I was recently reading an article on successful team collaboration and it mentioned something about creating a “gift culture”
(http://businesstalentdna.com/pdf/Eight_Ways_to_Build_Collaborative_Teams%5B1%5D%5B1%5D.pdf) and it got me thinking about how many leaders would be surprised to know that the word “stingy” could accurately describe their management approach? Want to know if you would be considered to be a generous leader? Take this quick, very non-scientific quiz and find out...
Robert Greenleaf wrote an amazing leaflet, originally published in 1970 called “The Servant as Leader” and revolutionized the idea of leading from within, by supporting your team, instead of directing from on top. The benefits of being a leader who is in service and who gives to others generously tend to drive engagement (low maintenance) vs. obedience (high oversight). What they generously provide is coaching, time, responsiveness, freedom to fail, sharing credit and decision-making authority. They draw people in versus pushing them along. They have a healthy sense of humility because they put their followers first and see their job is to remove obstacles for the team, using their influence (as well as getting their hands dirty and owning tasks both low and high level as needed) to make life better for their team vs themselves. They operate from EQ versus EGO.
Take this self-assessment to determine whether your team would more likely coin you as a generous leader or stingy leader:
1. Do I routinely ask for feedback on how I can help them be more effective both day-to-day and in meeting their larger goals?
Generous leaders keep a pulse on the obstacles to team performance and spend diligent time on cutting through bureaucracy to get resources or eliminate unnecessary steps that impede productivity. They see their job as a facilitator of work, not just visionary in the corner office. Generous leaders show the team that they are heeding their advice and continually proving to them that they have a voice within the organization.
2. How often do I defend my team when they need me?
Generous leaders protect their employees from gossip and rumors. They assume everyone’s best intentions and take steps to fully understand issues before reaching conclusions or rushing to judgment. They remain loyal to the absent. They speak up in meetings where their team is being attacked and run interference.
3. When was the last time I gave someone else credit for something I did?
Generous leaders share the spotlight. They are not threatened by others’ receiving attention for accomplishing the work of the team and are able to share successes with their followers. Taking an abundance theory when it comes to praise, acknowledgement and recognition earns deep respect from followers. And it is important to note that the way generous leaders share the spotlight is not just indiscriminately across the board, rather they find out how members of their team like to be recognized. Some appreciate large scale spotlight while others just appreciate a quick, private bask in the sun between them and their leader.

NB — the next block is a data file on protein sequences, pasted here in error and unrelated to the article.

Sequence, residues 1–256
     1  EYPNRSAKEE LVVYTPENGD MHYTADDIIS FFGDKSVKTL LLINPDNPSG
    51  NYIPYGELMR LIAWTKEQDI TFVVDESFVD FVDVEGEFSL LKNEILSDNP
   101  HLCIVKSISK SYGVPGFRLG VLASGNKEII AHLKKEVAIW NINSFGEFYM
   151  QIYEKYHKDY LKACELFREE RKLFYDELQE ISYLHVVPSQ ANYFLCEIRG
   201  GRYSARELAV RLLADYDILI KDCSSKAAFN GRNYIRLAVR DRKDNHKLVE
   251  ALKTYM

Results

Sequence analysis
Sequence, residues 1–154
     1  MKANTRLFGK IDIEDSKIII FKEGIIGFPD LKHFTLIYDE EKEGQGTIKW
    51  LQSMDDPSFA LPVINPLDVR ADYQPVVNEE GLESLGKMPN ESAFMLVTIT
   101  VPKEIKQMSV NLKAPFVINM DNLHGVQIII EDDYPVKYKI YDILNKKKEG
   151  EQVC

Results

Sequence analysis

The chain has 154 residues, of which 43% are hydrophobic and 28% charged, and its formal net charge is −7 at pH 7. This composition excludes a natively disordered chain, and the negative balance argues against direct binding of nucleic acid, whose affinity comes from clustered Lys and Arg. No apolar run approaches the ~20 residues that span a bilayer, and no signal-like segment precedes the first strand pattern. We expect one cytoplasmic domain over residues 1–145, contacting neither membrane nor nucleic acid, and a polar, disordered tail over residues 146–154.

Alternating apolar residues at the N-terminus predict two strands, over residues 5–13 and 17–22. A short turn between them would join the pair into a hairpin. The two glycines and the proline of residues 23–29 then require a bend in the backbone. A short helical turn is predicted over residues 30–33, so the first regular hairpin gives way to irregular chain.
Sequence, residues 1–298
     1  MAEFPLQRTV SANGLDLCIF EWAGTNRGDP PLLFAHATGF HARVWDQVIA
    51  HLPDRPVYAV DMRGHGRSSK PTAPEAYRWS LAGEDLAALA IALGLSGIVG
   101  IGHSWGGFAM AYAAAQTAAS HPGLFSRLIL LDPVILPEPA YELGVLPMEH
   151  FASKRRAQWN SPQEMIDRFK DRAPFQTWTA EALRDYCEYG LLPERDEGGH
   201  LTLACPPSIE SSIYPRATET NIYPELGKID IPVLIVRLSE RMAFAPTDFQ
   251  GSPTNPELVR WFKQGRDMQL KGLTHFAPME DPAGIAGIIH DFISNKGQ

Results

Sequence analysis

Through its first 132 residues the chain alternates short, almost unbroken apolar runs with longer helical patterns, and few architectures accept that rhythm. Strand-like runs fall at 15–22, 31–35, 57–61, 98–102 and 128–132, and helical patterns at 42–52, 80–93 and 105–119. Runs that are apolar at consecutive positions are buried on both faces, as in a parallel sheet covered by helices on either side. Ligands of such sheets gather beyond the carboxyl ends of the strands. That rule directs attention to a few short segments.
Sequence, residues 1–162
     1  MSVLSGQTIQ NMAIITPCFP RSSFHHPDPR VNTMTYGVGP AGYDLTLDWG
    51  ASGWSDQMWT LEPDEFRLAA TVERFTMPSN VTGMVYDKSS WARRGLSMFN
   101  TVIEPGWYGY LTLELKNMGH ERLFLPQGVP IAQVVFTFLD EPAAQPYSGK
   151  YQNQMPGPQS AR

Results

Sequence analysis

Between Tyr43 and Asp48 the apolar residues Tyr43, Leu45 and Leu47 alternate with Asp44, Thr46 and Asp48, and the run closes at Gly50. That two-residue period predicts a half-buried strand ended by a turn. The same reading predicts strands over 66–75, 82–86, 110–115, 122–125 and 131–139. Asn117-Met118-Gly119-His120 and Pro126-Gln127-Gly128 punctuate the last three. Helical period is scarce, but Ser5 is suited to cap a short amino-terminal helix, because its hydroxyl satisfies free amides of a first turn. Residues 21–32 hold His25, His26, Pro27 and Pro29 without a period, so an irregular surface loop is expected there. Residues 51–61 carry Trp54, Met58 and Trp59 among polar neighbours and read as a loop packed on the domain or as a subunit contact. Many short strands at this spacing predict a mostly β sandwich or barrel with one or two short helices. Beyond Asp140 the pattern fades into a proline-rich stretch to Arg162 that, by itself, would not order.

4. How often do I dominate a meeting?
Generous leaders do not need to be the smartest person in the room. They do more listening than talking. They listen to others for understanding, instead of judging. They guide critical thinking via questions versus stating opinions. The most generous leaders are best at asking dialogue enriching questions. Instead of just the facts, generous leaders deepen interactions between themselves and their teams by being a catalyst for deriving meaning from flat data and getting people to communicate in a way where genuine understanding and connections take place.
5. Would my team say that I get more than I give?
Generous leaders always attempt to give more than they get. They put the needs of others first, instead of expecting everyone else to keep them comfortable. They respect the deadlines of peers and direct reports and don’t constantly change priorities on them or operate in chronic crisis mode. Generous leaders respond to messages from their team before the boss or client.
6. What values and expectations do I unconsciously communicate through my behavior?
Every leader should evaluate what message they are sending when they are emailing at
2am or asking for things from their people on the weekends. Even if they say it’s not important for the employee to respond and send it anyway, the damage is done. The expectation is set for what is acceptable and tells others that no matter how much you say you value them as people, your actions don’t show it. And chances are they won’t feel entitled to honor and protect that work/life balance if you don’t. People don’t feel safe when leaders contradict themselves. Check your leadership for contradictions. It’s the number one saboteur of generous leadership.
Although generous leaders appear flexible and supportive, they are not weak. They do not let people walk all over them or take advantage of their philosophy on leadership. They set direction, drive outcomes and hold people accountable by utilizing a giving approach vs. a getting approach.